Geoff Tate – Gig Review & Photo Gallery 8th Feb @ The Croxton, Melb VIC

Geoff Tate
The Croxton, Melbourne, Vic
February 8, 2023
Support: Demonhead

“They said it was dark, they said it was brooding, they said it was futuristic . . . yes, yes and yes!”

This is one of Geoff Tate’s recollections of a time, way back in 1986, when his then-band released their unique, ‘light years ahead of its time’ (which I think is what the critics actually meant when they described it as ‘futuristic’) sophomore album Rage for Order.

Now, with the benefit of more than three and a half decades’ worth of hindsight, such descriptions have been proven unequivocally correct, both in terms of the fact that that record still sounds so superb and so current, and that here we are, 36 years later, showing up in our venue-packing droves to see it performed live in its entirety (albeit with a little help from the less esoteric, more commercially satisfying and successful Empire album.) Both albums are iconic, in very different ways, and to hear them both in track by track order on the one night is an opportunity than cannot be passed up.

But, before Geoff and his band take the stage, there is a support band to experience first. Local Melbourne four-piece Demonhead smash out a pretty traditional, four-on-the-floor hard rock sound with all the trimmings, Acca Dacca-inspired riffs and grooves (the drummer injecting some tasty double-kick work here and there to spice things up, which transports them into trad-metal territory at times), lead guitar trade-offs and harmonies, cheesy 80s stage moves, attempts at audience participation and so on. It’s an old-school hard rock/metal fan’s dream.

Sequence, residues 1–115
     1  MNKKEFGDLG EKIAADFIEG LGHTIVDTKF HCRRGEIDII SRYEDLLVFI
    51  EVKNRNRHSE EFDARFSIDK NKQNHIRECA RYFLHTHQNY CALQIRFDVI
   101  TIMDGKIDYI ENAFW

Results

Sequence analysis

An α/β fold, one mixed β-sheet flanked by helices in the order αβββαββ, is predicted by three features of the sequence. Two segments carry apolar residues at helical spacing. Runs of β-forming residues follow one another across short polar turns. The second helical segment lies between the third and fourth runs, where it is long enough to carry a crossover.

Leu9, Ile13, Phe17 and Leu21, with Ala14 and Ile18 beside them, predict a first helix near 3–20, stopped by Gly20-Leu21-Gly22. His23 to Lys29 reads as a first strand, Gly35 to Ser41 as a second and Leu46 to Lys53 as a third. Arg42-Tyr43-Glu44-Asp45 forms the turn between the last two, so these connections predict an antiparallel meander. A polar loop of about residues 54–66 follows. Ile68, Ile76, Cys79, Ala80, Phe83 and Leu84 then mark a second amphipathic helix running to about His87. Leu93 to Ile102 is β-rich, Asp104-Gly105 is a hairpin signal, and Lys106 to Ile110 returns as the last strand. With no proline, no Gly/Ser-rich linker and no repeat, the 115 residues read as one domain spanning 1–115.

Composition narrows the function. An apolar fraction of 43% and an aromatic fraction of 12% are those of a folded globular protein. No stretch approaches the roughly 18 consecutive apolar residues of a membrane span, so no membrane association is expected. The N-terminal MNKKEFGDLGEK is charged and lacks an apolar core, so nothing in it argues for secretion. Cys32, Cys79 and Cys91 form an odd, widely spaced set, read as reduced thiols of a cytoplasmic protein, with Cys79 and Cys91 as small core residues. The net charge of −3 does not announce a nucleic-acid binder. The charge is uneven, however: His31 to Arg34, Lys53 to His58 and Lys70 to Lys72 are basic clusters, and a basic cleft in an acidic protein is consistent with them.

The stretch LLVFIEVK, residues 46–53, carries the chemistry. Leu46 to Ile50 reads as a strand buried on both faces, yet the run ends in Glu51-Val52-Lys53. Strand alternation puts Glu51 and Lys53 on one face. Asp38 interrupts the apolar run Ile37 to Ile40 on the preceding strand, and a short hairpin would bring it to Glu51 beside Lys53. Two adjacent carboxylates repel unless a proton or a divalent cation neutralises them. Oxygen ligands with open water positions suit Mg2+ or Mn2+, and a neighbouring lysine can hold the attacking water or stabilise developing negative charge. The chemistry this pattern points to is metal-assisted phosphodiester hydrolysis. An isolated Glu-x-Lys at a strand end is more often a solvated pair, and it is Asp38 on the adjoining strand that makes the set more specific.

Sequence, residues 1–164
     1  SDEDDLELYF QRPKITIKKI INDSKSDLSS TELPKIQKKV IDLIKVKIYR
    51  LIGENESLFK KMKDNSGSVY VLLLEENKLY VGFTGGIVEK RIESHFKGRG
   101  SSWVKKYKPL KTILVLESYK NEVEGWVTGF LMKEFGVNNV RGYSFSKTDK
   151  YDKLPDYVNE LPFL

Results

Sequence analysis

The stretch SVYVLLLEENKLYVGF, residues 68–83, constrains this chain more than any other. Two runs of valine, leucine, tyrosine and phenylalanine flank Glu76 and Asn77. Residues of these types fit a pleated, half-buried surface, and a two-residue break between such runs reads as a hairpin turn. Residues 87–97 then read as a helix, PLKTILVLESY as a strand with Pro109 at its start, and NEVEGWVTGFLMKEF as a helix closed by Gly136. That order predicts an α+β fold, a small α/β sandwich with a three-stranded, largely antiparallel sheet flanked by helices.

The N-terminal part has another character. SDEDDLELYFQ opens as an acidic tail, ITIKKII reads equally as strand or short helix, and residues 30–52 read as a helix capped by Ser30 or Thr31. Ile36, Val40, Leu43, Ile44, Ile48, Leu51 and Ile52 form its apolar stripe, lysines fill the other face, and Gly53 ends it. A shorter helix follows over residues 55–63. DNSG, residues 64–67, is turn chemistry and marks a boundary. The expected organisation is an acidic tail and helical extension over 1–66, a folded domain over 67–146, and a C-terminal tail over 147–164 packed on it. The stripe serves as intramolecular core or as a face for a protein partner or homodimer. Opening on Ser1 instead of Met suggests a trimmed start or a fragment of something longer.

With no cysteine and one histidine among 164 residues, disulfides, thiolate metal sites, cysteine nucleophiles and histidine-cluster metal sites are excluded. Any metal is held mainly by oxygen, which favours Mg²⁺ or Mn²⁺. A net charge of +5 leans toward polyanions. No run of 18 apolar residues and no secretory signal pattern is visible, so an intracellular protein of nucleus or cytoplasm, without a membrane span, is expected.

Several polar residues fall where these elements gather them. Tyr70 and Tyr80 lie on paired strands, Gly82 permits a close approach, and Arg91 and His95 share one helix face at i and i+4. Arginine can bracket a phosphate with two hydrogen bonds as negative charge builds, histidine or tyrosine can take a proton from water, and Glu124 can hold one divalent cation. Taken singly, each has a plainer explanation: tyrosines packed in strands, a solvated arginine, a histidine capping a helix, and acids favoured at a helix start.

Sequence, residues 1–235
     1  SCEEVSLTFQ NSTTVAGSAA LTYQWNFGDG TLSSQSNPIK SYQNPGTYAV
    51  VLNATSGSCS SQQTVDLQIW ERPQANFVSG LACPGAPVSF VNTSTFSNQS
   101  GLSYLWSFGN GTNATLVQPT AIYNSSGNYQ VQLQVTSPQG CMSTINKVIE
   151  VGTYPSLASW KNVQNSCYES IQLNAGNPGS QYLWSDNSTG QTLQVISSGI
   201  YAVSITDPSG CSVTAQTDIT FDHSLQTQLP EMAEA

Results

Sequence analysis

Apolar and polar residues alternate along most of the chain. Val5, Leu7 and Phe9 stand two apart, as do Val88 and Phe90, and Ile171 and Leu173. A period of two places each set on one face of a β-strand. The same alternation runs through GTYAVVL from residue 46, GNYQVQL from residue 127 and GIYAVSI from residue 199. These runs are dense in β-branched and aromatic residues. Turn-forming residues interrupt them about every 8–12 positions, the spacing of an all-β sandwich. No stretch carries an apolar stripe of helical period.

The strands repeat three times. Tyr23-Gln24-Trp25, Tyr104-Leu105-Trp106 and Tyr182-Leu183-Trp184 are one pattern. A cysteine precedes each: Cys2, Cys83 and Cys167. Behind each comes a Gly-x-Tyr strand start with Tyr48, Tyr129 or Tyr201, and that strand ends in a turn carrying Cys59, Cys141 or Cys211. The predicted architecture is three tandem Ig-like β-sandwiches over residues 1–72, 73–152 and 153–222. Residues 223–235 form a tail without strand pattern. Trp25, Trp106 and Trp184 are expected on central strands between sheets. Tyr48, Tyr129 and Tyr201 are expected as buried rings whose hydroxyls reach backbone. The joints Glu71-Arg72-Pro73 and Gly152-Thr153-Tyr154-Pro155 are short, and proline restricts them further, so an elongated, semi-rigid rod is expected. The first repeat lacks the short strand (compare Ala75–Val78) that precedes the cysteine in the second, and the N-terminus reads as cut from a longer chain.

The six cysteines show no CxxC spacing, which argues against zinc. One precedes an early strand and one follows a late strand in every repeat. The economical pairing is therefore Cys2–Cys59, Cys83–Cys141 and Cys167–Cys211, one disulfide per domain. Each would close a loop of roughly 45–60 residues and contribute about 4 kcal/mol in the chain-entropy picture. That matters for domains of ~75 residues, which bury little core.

Yes, this style has been done a bazillion times, but it’s always fun, always good value. There is a reason why this kind of music is still around and still enjoys a large following, it just works in a live setting. And these lads have been around more than long enough to make it completely convincing and credible. Their 30-minute set whizzes by in a flash and the steadily building Croxton crowd have had their whistles wetted and appetites whetted.

To me, Queensryche’s Rage for Order through to 1994’s Promised Land is among the absolute greatest three to five album stretches in rock music history. Tate brought his young band out with him a few years back and did the mighty and magnificent Operation: Mindcrime end to end in all its glory, and that instantly became one of this scribe’s favourite recent live music memories. Now it’s time for the two records that bookended that most iconic of all concept albums.

The crowd has built beautifully for the start of Geoff’s set. I position myself on the step-up section of the Crocko’s band room to the left of the stage so I can get a decent overview of the crowd as well as the band. To my very pleasant surprise, many members of the audience sing along with just about every single word of the relatively obscure Rage for Order album, a fact that is not lost on Tate himself (“I don’t need a teleprompter tonight,” he quips, “I can just lip-read off you guys!”). That’s the type of album it is. While highly progressive, almost to the point of being actually experimental, R4O also features huge singalong vocals/soaring choruses. That’s part of what makes it so damn amazing, and the crowd loves every second.

I’m not going to cherry-pick a highlight track from this set. R4O is wall-to-wall quality, every song is idiosyncratically iconic, every song is a unique masterpiece, and this makes for a set that is itself a 50-minute long highlight.